The main purpose of an EPC is to monitor systems and gather data to inform the management of buildings and decisions around consumption and occupant behaviour – thus providing vital information on where consumption can be improved. In South Africa, over 77% of our electricity is produced by coal. Pair that with our current load shedding situation, and a knowledge of our buildings’ energy usage has become even more important.
In addition, the SANS 10400XA regulation is heading towards an imminent update. The increase in energy demands and regulations will now force building owners, project teams and tenants to be more aware during all processes of a building. The EPC may be a time-consuming exercise to achieve but, over the long run, it will help building owners and users to understand their usage.
EPCs will also be used when properties are sold. As EPCs can be viewed by anyone looking to buy property, the energy usage of different properties can be easily compared, allowing for a greater knowledge of operational costs to be estimated before purchase and rental agreements are signed.
The impact on the South African Market
Gathering sufficient data over a period of time will also have the effect of allowing the energy performance of buildings in this country to be compared to how buildings perform internationally. Improvements in energy efficiency systems can be made with the knowledge gained during this process, eventually driving the further development of standards in this sector.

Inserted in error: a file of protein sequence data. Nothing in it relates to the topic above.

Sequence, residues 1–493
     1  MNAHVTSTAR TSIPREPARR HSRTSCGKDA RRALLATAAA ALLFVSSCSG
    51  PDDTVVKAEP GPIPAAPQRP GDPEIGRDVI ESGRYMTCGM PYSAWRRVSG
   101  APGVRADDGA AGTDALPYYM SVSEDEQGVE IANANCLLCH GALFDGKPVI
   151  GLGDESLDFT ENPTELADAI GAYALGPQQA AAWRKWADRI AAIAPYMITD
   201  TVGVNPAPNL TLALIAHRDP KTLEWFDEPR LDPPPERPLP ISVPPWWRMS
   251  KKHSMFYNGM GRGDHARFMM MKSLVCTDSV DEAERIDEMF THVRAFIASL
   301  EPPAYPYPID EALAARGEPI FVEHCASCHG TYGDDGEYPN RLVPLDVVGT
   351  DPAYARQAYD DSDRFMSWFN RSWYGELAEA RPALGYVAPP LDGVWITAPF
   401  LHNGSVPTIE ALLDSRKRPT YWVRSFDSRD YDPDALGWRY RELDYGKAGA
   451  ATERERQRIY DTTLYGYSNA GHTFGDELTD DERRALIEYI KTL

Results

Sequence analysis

Over time, buildings will be marketed and sold as truly accredited and recognizable buildings. This doesn’t only apply to new buildings but also to existing buildings, which should be able to achieve a higher market value through improved energy performance, even though the building itself may be decades old.
We believe that EPCs represent an important opportunity for market change. With energy assessments and performance certificates we can shift owner and tenant mindsets around energy use, ultimately helping to decrease our dependence on fossil-based fuels in this sector.
With over 100,000 buildings requiring EPC assessment by the 8 December 2022 deadline, there is bound to be a backlog of applications to SANAS accredited Inspection Bodies. It is better to get the ball rolling sooner than later.
Getting an Energy Performance Certificate for your building does not have to be an enormous mountain to climb. With Archon as your informed partner and the correct preparation, we can turn this mandatory requirement into a real opportunity for improvement of your beloved property.
Proper and Effective metering is the first step in measuring your consumption. Then quantifying and making sense of the data is the second step. Recording and analyzing the results is the penultimate goal. Archon are the experts in this field and have doing this for more than 25 years.
Archon is here to help you get ahead of the pack and make sure that your building complies with the EPC Regulations before the deadline. Contact us today so we can get the wheels in motion for you.